Cybercriminals use email as a gateway for data breaches. This is not old news. New cyberattacks happen almost daily across all industries.
The bad news is, the speed of innovation for email threats has skyrocketed in the last year. If you don’t already know that 91 percent of breaches are due to phishing attacks, you at least shouldn’t be surprised to learn this statistic. What may shock you is that there has been a 270 percent increase of social-engineering-based whaling attacks since January 2015.
The healthcare industry, in particular, has been a ripe target for cybercriminals seeking to obtain massive amounts of personal, private patient data. Why the focus on healthcare? IT staff at healthcare organizations are often over-burdened and dealing with tight budgets and limited resources. While many IT teams have looked to cloud services to solve these issues and increase their capabilities, many have been unable to make the move due to concerns over their ability to adopt cloud security solutions in a regulated environment.
Mimecast can address these concerns and ease the fear that stops many healthcare organizations from moving to the cloud. We have recently passed the Health Insurance Portability and Accountability Act (HIPAA) Security Compliance Assessment. This third-party assessment verifies the safeguards in place to protect health information within Mimecast’s software and facilities.
Now, healthcare organizations can take advantage of the benefits of cloud services without worrying about violating stringent rules, policies and regulations. And, most importantly, they can effectively protect patient data from email-based threats like whaling, spear-phishing and ransomware.
Here are three healthful tips to help healthcare organizations have it all when it comes to the cloud: security, compliance, efficiency and a positive patient experience:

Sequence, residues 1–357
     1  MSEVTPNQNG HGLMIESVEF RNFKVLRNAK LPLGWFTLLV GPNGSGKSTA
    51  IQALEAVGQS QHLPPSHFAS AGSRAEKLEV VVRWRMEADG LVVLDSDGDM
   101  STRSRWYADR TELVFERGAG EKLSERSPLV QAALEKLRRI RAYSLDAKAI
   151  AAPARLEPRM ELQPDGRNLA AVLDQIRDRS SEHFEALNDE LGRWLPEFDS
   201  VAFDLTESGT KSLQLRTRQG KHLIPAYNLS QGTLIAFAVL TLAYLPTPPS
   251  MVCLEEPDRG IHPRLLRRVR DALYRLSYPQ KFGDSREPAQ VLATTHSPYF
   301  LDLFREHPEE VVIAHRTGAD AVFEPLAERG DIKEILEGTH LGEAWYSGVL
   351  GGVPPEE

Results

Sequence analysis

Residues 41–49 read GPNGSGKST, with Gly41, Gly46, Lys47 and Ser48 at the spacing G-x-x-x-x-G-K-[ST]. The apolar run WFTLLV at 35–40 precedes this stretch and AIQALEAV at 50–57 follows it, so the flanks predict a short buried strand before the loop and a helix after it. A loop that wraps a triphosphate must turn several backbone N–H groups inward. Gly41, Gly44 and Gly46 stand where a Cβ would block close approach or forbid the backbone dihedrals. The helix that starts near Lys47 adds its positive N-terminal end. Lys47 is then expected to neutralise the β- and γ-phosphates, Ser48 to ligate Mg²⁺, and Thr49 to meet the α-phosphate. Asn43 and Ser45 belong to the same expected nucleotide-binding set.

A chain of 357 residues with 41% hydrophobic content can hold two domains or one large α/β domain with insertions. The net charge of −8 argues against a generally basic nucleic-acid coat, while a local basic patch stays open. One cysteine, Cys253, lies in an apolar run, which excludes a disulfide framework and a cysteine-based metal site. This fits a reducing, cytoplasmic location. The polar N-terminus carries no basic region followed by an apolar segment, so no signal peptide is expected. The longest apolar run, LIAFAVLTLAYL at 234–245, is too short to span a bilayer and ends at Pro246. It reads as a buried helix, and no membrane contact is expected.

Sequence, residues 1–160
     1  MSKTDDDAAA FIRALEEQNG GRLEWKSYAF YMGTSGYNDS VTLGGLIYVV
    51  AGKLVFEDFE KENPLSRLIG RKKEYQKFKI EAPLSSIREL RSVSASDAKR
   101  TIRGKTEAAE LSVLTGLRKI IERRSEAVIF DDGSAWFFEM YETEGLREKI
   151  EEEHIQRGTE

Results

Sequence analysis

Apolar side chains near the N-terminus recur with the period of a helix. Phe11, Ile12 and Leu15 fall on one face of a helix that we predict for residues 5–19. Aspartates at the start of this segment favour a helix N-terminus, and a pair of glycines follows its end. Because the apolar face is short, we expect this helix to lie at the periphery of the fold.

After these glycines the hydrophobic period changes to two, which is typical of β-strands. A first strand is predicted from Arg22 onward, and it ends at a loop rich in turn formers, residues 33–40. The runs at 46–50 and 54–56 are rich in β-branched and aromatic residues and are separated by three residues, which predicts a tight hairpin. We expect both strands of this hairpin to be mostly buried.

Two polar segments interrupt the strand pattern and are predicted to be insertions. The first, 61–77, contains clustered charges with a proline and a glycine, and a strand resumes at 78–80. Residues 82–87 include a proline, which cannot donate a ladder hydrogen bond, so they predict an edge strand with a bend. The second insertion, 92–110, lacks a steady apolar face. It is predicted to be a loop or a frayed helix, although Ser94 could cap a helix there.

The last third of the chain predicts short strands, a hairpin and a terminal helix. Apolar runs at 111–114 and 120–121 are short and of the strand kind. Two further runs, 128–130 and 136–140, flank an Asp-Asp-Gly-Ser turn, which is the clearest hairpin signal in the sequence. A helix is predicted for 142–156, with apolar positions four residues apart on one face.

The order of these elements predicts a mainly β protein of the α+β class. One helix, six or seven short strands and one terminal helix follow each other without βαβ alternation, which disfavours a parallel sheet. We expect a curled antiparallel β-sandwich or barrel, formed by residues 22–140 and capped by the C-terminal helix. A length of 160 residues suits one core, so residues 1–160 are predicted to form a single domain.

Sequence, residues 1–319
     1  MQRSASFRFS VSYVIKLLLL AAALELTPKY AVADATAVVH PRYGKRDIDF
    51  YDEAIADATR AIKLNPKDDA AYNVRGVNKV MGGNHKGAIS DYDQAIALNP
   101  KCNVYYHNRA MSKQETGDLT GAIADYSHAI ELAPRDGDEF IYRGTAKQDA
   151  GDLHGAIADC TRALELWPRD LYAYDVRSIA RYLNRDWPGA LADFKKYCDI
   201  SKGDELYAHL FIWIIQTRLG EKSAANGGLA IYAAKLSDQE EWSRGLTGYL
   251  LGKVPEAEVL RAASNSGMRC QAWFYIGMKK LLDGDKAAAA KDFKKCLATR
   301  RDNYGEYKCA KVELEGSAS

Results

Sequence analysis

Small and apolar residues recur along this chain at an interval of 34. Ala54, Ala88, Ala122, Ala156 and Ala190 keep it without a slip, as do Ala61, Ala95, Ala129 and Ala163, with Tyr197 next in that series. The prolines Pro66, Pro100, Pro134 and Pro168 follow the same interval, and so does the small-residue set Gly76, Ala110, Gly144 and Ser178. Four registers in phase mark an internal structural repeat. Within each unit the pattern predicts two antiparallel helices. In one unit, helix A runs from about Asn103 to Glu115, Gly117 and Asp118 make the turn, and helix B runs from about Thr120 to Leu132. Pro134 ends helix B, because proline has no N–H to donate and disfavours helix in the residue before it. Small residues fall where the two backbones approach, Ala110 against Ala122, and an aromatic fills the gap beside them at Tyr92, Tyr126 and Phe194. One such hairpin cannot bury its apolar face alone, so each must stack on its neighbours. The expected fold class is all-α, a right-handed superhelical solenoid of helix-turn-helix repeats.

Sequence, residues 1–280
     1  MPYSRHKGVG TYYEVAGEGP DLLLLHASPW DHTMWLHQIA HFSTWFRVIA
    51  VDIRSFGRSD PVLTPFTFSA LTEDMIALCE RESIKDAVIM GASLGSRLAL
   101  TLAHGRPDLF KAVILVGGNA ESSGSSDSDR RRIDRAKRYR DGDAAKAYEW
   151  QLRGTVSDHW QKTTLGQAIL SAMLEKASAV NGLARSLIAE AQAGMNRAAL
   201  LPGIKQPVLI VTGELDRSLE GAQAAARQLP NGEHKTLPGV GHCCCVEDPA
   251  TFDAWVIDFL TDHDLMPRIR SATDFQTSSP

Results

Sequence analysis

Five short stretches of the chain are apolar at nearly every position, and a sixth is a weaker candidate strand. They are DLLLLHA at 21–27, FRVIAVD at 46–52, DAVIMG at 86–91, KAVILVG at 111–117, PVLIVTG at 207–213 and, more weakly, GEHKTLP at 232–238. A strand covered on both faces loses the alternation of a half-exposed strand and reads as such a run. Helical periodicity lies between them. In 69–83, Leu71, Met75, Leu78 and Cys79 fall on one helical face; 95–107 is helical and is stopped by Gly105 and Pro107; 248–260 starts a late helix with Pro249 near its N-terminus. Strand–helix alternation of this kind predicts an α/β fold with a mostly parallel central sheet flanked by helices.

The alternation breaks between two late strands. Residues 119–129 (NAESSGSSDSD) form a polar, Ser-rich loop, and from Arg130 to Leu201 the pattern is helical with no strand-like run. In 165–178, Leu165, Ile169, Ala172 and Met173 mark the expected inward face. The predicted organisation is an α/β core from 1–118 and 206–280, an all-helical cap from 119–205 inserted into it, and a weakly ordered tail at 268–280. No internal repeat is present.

- Update your email security: Traditional malware scanning and spam management are not enough. Organizations will invariably have a breach if they are not protecting themselves against the latest generation of email-based threats.
- Transport-level encryption: Emails should be encrypted during transmission between email servers to provide protection from interception.
- Message-level encryption: Because issues can arise with the servers themselves, message-level encryption can be used to protect content on the remote email server.
- Secure webmail: The most secure approach is some form of secure webmail delivery, in which the message is stopped at the gateway. The recipient of the email gets a delivery notification with a link that is used to access the original email. Secure webmail delivery solutions typically require a password to access the email which adds another layer of security to message access, giving worried doctors peace of mind. Ideally, the solution will also track recipient access. Use transport-level encryption for access to the Web server.
Read our Healthcare Security Checklist to learn more.